The Importance of Differentiating Retiree Email Accounts

The Importance of Differentiating Retiree Email Accounts

Every year, faculty staff leave our system as retirees after serving California Community College students and the system. Often, a retiree retains their email account after leaving the college to keep in touch with students and colleagues. However, consistent use of these accounts wanes over time, and credentials used for email access can become compromised through guessing or breaches occurring at third-party services. 

By taking over these uncommonly-used retirees' email accounts, a bad actor gains an assumed level of trust and a foothold into the college that, unlike a standard employee email account, may not be noticed. An account that looks legitimate to current staff and students is perfect for social engineering, gaining further system access, or stealing confidential information!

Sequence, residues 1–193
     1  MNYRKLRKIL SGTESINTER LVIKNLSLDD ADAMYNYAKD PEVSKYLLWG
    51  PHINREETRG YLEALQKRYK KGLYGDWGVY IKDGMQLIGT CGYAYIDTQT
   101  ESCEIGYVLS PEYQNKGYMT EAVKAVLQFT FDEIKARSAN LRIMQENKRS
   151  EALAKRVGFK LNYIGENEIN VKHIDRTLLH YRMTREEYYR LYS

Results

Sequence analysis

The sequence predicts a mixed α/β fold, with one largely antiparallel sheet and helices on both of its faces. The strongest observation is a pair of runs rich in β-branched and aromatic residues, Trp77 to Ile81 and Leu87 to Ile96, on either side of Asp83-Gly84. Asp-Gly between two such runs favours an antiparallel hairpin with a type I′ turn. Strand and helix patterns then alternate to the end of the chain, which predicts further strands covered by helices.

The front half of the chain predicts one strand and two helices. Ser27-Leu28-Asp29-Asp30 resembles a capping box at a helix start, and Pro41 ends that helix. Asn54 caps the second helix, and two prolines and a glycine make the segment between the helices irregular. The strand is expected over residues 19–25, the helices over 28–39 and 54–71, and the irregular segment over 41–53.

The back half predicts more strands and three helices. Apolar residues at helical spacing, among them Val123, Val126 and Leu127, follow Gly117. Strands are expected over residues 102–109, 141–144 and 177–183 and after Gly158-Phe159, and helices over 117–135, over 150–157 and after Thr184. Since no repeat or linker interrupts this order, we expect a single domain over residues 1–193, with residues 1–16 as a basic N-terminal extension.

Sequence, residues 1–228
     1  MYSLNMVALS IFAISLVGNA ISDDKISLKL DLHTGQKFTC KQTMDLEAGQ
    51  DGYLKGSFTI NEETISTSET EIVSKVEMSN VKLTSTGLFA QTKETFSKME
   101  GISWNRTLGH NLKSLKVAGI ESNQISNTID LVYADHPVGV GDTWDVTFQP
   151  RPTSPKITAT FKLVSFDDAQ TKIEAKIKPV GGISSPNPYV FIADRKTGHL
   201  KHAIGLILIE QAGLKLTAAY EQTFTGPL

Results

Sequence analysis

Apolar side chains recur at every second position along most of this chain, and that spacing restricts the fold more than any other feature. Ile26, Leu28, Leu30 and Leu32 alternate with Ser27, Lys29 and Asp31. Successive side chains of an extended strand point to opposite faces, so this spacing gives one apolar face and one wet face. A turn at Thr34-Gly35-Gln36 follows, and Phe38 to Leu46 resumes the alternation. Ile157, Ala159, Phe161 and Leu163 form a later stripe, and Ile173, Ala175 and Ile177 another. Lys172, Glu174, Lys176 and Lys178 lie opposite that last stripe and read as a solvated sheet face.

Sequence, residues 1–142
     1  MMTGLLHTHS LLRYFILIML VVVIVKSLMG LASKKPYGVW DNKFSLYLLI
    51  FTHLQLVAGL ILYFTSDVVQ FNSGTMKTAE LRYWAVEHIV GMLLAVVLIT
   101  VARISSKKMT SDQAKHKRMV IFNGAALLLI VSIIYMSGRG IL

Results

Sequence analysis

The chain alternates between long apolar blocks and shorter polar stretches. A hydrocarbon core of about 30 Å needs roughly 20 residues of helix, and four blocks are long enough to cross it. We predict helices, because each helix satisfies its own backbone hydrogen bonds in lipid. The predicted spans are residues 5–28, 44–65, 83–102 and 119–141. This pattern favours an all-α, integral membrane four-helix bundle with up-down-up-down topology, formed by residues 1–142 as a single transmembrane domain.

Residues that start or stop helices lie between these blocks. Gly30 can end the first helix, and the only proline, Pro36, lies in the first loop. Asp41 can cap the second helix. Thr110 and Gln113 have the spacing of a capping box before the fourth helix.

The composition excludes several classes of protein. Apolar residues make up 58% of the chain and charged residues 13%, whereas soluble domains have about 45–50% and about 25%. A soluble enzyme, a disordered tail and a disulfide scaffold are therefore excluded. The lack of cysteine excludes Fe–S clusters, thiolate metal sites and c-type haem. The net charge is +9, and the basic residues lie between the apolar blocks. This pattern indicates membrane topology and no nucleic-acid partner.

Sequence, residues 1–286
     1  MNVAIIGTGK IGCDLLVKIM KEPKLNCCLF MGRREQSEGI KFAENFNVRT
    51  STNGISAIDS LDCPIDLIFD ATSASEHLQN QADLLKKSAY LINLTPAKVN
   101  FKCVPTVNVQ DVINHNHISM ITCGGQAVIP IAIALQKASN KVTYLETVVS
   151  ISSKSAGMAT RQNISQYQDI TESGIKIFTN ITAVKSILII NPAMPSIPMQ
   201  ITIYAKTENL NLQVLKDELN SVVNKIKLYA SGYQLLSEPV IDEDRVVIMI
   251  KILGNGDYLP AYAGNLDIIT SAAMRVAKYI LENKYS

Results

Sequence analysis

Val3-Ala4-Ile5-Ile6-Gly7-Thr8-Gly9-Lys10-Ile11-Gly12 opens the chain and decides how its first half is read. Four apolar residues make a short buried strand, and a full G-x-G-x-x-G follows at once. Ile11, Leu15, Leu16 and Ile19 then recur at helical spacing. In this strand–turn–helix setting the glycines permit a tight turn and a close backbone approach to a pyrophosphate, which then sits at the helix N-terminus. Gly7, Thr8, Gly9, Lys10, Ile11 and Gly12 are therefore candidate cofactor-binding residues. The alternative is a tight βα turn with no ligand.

Our recommendations are as follows:

  • Consider reviewing your policy as to whether or not you provide a retiree email account. Many people have personal email accounts and won’t have need for a local email account. Is this truly a benefit or something that rarely gets used?

  • Create a policy to deactivate such accounts after a period of inactivity (90 days is a good benchmark). Unused accounts can add an unnecessary exposure to the college and could be targeted by bad actors. Deactivating reduces this risk. If a retiree decides that they want the account later, it can always be reactivated.

  • If you choose to provide retiree accounts, the Chancellor's Office recommends a designated separate email domain, such as name@retiree.college.edu, rather than name@college.edu, to best differentiate them from regular college email accounts.

By differentiating retiree accounts, extra context is provided to the recipients of their emails in the email address itself.

Suppose a differentiated retiree account asks for urgent help with a project or requests confidential information. In that case, it would be noticeable to students and staff that something is strange. However, with retiree accounts that appear to be active college staff, any bad actor with access could be trusted and undetected to cause significant damage to the college.